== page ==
Another complication to this problem is not all users are experiencing this behavior because some are accessing the site using http://company.com, while others type out the full URL in their web browser.

To address this problem, the company creates a policy file that accounts for both URLs.

 <?xml version="1.0"?>
		
<!DOCTYPE cross-domain-policy SYSTEM "http://www.macromedia.com/xml/dtds/cross-domain-policy.dtd">
<cross-domain-policy>
<allow-access-from domain="www.company.com" />
<allow-access-from domain="company.com" />
</cross-domain-policy>

The file is saved as crossdomain.xml, and placed on the site root of the same server that hosts the Flash movie. The movie now functions as it did with Flash Player 6.

A web site that allows access to and from all sub-domains

A company decides to deploy Flash content on several sub-domains within the company's web site. These movies are allowed access to any other sub-domain within the company, similar to the movie in the example above. However, the process of adding multiple sub-domains to each policy file can be laborious, and there can be issues with policy files not getting updated regularly with new sub-domains added to the site.

To address this problem, the company creates a policy file that grants access to the Flash Player, regardless of which sub-domain makes the request, by using a wild card ("*") in the sub-domain token field.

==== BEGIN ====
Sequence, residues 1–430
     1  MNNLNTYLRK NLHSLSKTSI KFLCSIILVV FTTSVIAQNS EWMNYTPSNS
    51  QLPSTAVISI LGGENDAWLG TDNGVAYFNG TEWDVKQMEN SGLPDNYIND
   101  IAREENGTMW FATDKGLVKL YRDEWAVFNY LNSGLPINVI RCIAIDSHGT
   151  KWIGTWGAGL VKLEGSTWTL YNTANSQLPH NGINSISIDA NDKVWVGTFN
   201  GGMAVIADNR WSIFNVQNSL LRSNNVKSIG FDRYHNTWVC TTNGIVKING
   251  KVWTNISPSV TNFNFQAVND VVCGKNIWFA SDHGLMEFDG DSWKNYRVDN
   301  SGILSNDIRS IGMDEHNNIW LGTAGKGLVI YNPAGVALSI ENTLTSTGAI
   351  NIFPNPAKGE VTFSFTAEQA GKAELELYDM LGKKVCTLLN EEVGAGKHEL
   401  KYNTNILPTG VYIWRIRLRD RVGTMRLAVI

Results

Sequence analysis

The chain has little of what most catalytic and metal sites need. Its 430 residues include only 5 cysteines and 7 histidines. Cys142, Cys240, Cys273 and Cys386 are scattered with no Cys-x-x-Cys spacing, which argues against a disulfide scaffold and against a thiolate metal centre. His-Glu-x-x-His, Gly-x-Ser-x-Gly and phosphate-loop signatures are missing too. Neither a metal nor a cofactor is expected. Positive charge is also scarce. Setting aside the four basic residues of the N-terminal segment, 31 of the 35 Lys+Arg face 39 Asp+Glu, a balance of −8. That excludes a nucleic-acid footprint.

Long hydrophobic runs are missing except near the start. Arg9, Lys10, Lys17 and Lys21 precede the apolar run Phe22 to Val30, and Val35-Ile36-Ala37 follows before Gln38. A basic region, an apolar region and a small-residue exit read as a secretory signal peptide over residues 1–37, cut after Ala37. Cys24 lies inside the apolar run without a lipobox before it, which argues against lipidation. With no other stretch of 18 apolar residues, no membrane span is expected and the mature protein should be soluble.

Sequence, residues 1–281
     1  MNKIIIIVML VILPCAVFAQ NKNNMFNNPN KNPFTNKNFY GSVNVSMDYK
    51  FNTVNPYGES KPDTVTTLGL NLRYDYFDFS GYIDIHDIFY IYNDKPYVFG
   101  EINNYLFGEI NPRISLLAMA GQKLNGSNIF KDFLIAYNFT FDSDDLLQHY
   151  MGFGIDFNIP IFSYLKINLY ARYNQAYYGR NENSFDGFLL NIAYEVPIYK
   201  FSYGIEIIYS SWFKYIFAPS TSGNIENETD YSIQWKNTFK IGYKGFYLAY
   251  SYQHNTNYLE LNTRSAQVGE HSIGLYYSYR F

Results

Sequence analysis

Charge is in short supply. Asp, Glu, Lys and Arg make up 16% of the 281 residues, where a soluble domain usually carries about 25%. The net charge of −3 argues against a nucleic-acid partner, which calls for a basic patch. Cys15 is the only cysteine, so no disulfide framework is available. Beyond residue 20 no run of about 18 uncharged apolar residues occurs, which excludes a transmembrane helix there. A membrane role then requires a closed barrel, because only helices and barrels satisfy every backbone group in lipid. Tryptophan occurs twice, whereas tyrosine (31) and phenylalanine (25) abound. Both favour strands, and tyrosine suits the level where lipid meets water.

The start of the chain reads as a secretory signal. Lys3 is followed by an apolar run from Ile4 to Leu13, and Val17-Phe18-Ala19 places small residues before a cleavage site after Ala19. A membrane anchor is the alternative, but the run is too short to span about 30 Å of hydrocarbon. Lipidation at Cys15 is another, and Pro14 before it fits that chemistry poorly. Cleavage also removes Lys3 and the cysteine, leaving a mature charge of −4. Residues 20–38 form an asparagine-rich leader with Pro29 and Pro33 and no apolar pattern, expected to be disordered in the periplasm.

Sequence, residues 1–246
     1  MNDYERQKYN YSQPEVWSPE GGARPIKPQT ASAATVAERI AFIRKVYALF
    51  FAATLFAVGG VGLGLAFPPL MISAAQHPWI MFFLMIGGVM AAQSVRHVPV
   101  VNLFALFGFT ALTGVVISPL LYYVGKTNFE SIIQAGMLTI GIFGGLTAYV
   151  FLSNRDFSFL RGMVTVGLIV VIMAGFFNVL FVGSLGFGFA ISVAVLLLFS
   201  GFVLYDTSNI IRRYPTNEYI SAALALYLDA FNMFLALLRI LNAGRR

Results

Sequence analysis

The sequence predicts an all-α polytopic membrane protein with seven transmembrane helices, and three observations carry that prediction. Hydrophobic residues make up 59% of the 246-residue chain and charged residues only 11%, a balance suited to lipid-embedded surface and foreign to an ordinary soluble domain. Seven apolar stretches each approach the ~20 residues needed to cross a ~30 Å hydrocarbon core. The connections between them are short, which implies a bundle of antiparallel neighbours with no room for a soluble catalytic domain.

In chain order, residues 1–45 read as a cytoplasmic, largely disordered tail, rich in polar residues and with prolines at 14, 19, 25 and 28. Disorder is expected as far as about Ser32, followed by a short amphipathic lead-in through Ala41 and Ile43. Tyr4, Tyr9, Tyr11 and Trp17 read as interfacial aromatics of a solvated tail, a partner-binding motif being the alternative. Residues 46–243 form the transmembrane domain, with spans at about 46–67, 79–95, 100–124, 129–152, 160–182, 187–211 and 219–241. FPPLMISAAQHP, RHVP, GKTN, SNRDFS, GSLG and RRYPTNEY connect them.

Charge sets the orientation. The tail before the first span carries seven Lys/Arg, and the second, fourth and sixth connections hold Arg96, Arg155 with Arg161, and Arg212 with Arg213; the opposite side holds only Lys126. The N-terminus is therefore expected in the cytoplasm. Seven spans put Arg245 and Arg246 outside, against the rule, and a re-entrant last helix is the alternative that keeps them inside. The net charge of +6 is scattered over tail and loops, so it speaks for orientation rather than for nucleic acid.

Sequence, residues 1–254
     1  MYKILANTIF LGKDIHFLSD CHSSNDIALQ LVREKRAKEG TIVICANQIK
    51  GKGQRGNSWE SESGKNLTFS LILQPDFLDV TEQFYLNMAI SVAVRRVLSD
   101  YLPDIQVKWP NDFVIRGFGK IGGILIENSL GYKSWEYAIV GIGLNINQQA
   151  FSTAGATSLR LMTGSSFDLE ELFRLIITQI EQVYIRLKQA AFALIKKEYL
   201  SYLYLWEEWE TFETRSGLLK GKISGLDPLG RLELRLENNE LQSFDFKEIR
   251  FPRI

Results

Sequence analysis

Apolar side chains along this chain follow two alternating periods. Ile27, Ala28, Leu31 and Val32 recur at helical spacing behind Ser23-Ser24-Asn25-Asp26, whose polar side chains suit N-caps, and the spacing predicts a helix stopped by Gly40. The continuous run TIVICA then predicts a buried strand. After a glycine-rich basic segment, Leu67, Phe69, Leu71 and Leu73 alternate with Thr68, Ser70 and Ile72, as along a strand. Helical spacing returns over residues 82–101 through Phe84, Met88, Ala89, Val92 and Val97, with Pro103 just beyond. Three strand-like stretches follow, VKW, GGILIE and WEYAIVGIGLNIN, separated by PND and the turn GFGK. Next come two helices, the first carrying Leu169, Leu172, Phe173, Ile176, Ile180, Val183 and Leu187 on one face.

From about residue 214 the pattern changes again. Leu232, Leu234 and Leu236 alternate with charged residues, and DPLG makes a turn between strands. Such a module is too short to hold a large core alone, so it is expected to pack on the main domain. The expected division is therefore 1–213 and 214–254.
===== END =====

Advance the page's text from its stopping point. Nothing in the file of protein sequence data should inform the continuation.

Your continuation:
<?xml version="1.0"?>
		
<!DOCTYPE cross-domain-policy SYSTEM "http://www.macromedia.com/xml/dtds/cross-domain-policy.dtd">
<cross-domain-policy>
<allow-access-from domain="*.company.com" />
</cross-domain-policy>

The file is saved as crossdomain.xml, and placed on the site root of all servers used to host sub-domains on the company site.

An internal web site allows access to selected sub-domains and local servers

A company has an internal server application hosted on http://finance.company.com. This server is behind a firewall and not accessible to the outside world.

The company has two Flash business applications hosted on two internal sub-domains: http://hr.company.com and http://it.company.com. These two sub-domains should be allowed to access http://finance.company.com, and all other sub-domains are not permitted access.

A policy file can be created for http://finance.company.com to allow access to the two sub-domains only. By not specifying other sub-domains in the policy they will be denied.

One additional issue to take into account are internal server "friendly names." Web users sometimes type only the server's shortened name. An example typing http://hr, or even hr. Because of DNS resolution, the URL is routed to the correct location. However, when the Flash Player sees a friendly name, and not a fully qualified URL, it's treated as a unique, and therefore, separate domain.

To address this problem, the company creates a policy file that accounts for both scenarios. It grants access to both desired sub-domains, using their fully qualified domain names, and it grants access if accessed via an internal friendly server name.

 <?xml version="1.0"?>
		
<!DOCTYPE cross-domain-policy SYSTEM "http://www.macromedia.com/xml/dtds/cross-domain-policy.dtd">
<cross-domain-policy>